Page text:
BY JAMES COOK
TRAVERSE CITY — Two days after making the varsity hockey team at Nichols College, Shane Totten heard the word you never want to hear from a doctor.
Specifically, he was diagnosed with stage 3A Hodgkins lymphoma.
"It was definitely life-changing," Totten said.
Fortunately, the prognosis is pretty good for the former Traverse City West hockey star and 2010 grad. About as good as it can get with cancer.
"The prognosis is good," said Totten, 21.
Doctors told him he has a 90 percent chance of remission and 75-80 percent chance of a cure.
That doesn't mean the road isn't a long one.
He's through the first of six cycles of chemotherapy. Always a fairly light-skinned redhead, Totten looks even more pale. His voice is weary.
The diagnosis came on Oct. 22. Suddenly, scoring goals wasn't nearly as important.
"People say all the time, 'Don't take things for granted' and 'Live in the moment,' as stuff like that," Totten said. "It really hits home when you get something like this. You never think it's going to be you. One day you turn around, and your whole life is turned over."
Each session of chemo takes up the bulk of a day.
To give a sense of how difficult it can be, Totten has to take two different anti-nausea medications at the start of each session. Sometimes it takes eight hours, he said.
He has 10 more visits scheduled over the next five months.
"It's supposed to be very curable," Totten said. "That's what I've been hinging everything on, and not trying to lose my head thinking about it too much. Just weighing on the 90 percent chance."
Totten would be the first of three members of the TC West hockey family to face major challenges this year. Trevor Franklin suffered a broken vertebrae in a November car accident — also right after making the team in tryouts — and Erik Anton was diagnosed with transverse myelitis two weeks ago and is recovering from the rare affliction that left him paralyzed from the chest down for a week.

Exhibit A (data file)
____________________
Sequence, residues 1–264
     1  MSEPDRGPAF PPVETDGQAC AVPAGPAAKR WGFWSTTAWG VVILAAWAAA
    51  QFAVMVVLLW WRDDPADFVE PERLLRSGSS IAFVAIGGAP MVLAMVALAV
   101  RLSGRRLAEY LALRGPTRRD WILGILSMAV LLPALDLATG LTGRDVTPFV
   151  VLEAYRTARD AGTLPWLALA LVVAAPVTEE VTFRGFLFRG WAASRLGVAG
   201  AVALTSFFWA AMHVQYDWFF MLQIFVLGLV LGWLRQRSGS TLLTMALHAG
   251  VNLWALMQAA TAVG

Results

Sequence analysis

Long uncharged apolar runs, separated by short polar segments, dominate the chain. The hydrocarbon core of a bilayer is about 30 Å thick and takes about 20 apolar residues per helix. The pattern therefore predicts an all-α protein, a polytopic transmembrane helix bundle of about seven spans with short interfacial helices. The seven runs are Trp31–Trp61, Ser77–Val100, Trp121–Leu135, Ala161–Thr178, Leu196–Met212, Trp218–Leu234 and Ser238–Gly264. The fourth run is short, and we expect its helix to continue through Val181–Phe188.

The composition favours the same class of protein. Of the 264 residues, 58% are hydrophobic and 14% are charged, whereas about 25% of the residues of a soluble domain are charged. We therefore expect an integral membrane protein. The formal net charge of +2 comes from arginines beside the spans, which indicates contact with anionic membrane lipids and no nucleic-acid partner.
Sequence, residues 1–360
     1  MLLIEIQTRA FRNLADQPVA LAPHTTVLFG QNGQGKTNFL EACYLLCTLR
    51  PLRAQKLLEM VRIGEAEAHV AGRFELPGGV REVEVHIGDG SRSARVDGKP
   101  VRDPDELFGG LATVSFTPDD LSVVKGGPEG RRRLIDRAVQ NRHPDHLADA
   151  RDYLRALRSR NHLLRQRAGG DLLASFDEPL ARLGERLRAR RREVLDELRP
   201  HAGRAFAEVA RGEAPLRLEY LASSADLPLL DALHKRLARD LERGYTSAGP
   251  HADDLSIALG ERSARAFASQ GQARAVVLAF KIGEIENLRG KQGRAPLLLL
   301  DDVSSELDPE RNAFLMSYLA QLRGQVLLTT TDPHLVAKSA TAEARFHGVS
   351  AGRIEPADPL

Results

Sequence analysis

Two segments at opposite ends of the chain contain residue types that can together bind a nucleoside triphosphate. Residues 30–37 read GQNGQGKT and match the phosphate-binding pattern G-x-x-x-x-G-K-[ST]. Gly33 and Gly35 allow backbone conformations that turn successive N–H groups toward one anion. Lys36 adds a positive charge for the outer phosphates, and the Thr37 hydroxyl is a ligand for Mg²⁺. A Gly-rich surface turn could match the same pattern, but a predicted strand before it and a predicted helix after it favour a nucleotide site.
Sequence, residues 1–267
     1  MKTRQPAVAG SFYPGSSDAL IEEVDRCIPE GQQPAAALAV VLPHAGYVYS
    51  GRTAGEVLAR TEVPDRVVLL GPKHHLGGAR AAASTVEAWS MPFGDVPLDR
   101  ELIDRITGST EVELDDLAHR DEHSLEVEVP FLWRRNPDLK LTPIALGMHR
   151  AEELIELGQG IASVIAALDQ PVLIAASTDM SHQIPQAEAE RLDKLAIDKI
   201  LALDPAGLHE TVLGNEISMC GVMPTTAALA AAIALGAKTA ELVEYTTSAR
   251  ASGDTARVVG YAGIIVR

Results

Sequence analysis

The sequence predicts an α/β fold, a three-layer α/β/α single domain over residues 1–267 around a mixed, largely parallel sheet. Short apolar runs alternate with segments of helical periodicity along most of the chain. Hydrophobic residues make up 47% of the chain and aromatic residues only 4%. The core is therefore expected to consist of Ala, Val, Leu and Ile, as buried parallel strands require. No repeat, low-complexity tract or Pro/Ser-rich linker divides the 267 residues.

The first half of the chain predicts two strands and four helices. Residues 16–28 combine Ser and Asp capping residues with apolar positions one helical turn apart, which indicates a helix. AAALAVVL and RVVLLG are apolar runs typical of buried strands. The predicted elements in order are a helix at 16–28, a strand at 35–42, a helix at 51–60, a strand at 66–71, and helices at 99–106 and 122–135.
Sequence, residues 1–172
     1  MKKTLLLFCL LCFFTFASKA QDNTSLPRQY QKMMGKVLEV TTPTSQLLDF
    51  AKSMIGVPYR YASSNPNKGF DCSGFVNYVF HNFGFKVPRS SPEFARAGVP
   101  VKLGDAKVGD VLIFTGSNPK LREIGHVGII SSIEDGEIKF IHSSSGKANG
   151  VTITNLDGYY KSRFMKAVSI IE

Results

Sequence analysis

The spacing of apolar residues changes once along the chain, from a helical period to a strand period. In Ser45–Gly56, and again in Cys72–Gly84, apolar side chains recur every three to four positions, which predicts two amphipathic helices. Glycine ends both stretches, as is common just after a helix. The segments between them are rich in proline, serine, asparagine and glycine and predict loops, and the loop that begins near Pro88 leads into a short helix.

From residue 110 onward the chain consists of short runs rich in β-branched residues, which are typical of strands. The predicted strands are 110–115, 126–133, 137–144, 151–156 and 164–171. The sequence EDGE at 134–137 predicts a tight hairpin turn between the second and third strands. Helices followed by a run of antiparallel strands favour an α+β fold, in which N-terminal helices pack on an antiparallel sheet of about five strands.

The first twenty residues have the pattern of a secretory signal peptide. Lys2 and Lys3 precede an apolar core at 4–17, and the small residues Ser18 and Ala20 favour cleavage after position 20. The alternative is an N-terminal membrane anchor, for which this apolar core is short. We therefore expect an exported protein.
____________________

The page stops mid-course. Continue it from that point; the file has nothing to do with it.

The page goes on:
"I know what he's going through, definitely," Totten said. "Just being able to play and then not being able to. It definitely opens up your eyes to what is important."
Nichols sent Totten a team jacket in Traverse City, where he's staying for treatment. It arrived in the mail Monday, and he wore it to his first skate in months that same day at Howe Arena.
"I've been trying to (get out)," Totten said. "It's hard being out, especially doing chemo. I can't really be in too sickly of an environment. I'm trying to get out as much as I can. I went to the (West vs.) Reps game last week."
Over 1,000 plastic bracelets were made with his name and "Kick Lymphoma's Butt" on them. He was given 500 of them, and is almost out already.
"They had a game for me where they donated the money to Livestrong," Totten said of Nichols College.
The road to playing college hockey was a long one for Totten.
Coming out of high school as a high-scoring center, he signed to play at Finlandia when the Upper Peninsula school started a new hockey program. A semester into his freshman year, he left to play for the Flint Junior Generals for a season and then for the Soo Eagles last year before heading to Massachusetts to play for Nichols.
There, he made the team, was given jersey No. 13 and roomed with defenseman Blake Bishop.
Both would face major challenges. Bishop was discovered to have a heart problem.
"They put us in the same room and we didn't know each other," Totten said. "And then we both had these life-altering issues."
Totten said Bishop, a junior for the Bison, is scheduled for heart surgery later this week.
"It's just crazy," Totten said. "Just one day, all of the sudden he had heart issues. He went to the doctor, and he has a birth defect."
"Not too many of the guys on our current team know Shane," West coach Jeremy Rintala said.
A lot of them don't know him, but they know of him.
He's West's all-time points (101) and assists (53) leader and is second in goals (48) and is one of just five first-team all-state picks to wear the Titan jersey. He also stood out as a hard-hitting safety on the West football team.
"When I first heard about that, I was in shock," Franklin said of Totten's diagnosis. "I was like, 'He's young. He's too young.'"